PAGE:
Launched around 2012 by dycaite, it centers around cataloging movies, cartoons, TV shows, video games, specific filmed footage, notable works of fiction and other media that either have no known copies left, are otherwise impossible to find, or are just extremely rare. So in another way, it can also be seen as Missing Episode / Keep Circulating the Tapes, the website.
Each lost media is in one of six categories of "lost-ness": whether it is completely out of reach for a normal person (lost), not confirmed to be real (existence unconfirmed), has been partially found (partially found/partially lost), was lost for a long time but finally found (found), or revealed that no production was started (non-existence confirmed).
Although some media is considered hopeless to recover, there have been surprises in the history of the Lost Media community, with some efforts having come to fruition after either diligent research and negotiations or by the act of an Anonymous Benefactor. Many of such recovered works are often available for download or viewing on the website itself.
That being said, while the Lost Media Wiki itself is unlikely to become lost media soon, there have been various concerns around the aforementioned recovered media. Since recovered media is commonly hosted on private, for-profit hosts (mainly MediaFire) that could go down with its hosted files at any moment, web archiving initiatives such as Archive Team collect copies of recovered media and keep them on hold until a host goes down.
The website was originally based on Wikia, but has now moved on to its own domain.note
- Anonymous Benefactor: The Sesame Street animated short Cracks (aka "Crack Master" then) was one of the most-sought pieces of lost media on the website, becoming some sort of an icon. Years passed until, on the morning of Christmas 2014, the founder/administrator dycaite received a copy of the short in an email from an anonymous person.
- Deleted Scene: Most of lost media is either deleted footage or other elements from existing works that have not been released to the public.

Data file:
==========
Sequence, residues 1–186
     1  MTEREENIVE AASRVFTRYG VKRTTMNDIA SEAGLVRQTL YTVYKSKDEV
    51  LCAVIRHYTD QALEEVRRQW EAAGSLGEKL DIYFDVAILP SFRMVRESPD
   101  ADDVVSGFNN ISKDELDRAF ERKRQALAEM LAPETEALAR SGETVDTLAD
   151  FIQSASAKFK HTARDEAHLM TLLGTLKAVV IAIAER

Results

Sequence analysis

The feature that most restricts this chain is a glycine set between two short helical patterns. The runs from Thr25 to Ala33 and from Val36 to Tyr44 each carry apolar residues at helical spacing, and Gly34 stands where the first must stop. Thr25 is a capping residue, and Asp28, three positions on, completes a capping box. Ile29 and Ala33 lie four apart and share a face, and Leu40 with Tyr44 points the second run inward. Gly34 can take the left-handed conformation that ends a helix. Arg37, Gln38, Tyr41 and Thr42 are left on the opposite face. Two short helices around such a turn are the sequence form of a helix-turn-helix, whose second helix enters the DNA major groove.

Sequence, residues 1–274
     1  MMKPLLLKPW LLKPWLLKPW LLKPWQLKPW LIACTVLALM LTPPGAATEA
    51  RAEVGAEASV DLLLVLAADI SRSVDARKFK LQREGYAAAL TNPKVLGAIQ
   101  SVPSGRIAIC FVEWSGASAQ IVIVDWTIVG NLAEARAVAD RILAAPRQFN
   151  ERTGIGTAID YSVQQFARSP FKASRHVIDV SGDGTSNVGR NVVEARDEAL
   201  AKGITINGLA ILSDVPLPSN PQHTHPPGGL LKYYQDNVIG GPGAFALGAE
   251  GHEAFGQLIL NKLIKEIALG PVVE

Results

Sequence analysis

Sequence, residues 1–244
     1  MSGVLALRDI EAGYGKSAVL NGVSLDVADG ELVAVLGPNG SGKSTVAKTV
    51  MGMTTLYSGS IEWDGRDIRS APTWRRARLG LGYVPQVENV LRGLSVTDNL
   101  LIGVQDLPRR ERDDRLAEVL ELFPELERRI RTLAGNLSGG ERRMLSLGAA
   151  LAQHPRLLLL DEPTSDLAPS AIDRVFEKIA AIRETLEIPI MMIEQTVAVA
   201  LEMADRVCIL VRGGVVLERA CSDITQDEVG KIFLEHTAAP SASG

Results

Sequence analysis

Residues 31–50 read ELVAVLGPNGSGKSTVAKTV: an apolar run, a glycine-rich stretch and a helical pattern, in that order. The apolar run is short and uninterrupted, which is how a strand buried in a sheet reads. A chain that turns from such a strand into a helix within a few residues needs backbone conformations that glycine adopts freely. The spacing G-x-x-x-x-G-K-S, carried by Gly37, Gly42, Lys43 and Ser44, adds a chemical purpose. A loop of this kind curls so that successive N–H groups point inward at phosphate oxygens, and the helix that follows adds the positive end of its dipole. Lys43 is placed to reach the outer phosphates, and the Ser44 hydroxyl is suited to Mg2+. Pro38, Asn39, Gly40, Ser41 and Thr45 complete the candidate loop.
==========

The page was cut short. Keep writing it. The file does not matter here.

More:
- Early Installment Weirdness: When articles for the LMW first started being written, the titles weren't in the standard formula note and the format would vary greatly until there was a rule of uniformity. This caused a lot of early pages to have tons of redirects.
- Grandfather Clause: The Wiki has rules against including films that weren't put into any production. Normally, this would mean that A Day with SpongeBob SquarePants wouldn't be allowed, but thanks to it bringing so much attention to the wiki (basically putting the site on the map), a decision was made to keep it.
- Hidden in Plain Sight: A few pieces of "lost" media have turned out to be this. For example, the infamous "Clockman" short that aired on Pinwheel was eventually found by a user named Nitrate Nerd on YouTube (albeit in the original Czech, though the English dub would turn up later) under the name "Sally".
- Keep Circulating the Tapes: Some of the listed "lost media" could be better categorized as this. While some people might have a copy, it doesn't mean that it's widely available.
- Missing Episode: The entire concept of the website is listing notable recorded content that has gone missing, whether it be old silent movies, TV show pilots, syndicated animated series, or video game prototypes.
- Moe Anthropomorphism: LMW-tan, a girl in green and white (like the color scheme of the wiki) who was originally fanart, has now become its official mascot.
- Obvious Rule Patch: There used to be a massive amount of articles about foreign dubs of movies and cartoons that kept on appearing, and most of them being authored by someone who didn't even speak the language of the dub. One especially infamous example was the article about the Albanian dub of SpongeBob SquarePants, which became the poster-child of pointless foreign dub articles. After this, a new rule appeared: lost dub articles will only be qualified if it's a form of English dub or the original language. Exceptions must be approved by an admin.
- What Could Have Been: Some of the articles list projects that are not confirmed, completed works. Others are about alternate versions of some creations that are unavailable to the public.
- You Keep Using That Word: Under the wiki's guidelines, the term "lost media" is applied to pretty much any form of media that is not easily accessible to the public, not actually "lost" as in "destroyed/vanished" without any copies available. So you have content that is confirmed to still be out there, but not made available due to issues such as copyright.
- A lot of cancelled projects are listed on the wiki, although it is not always specified what is lost, or if there was actually anything produced to be lost.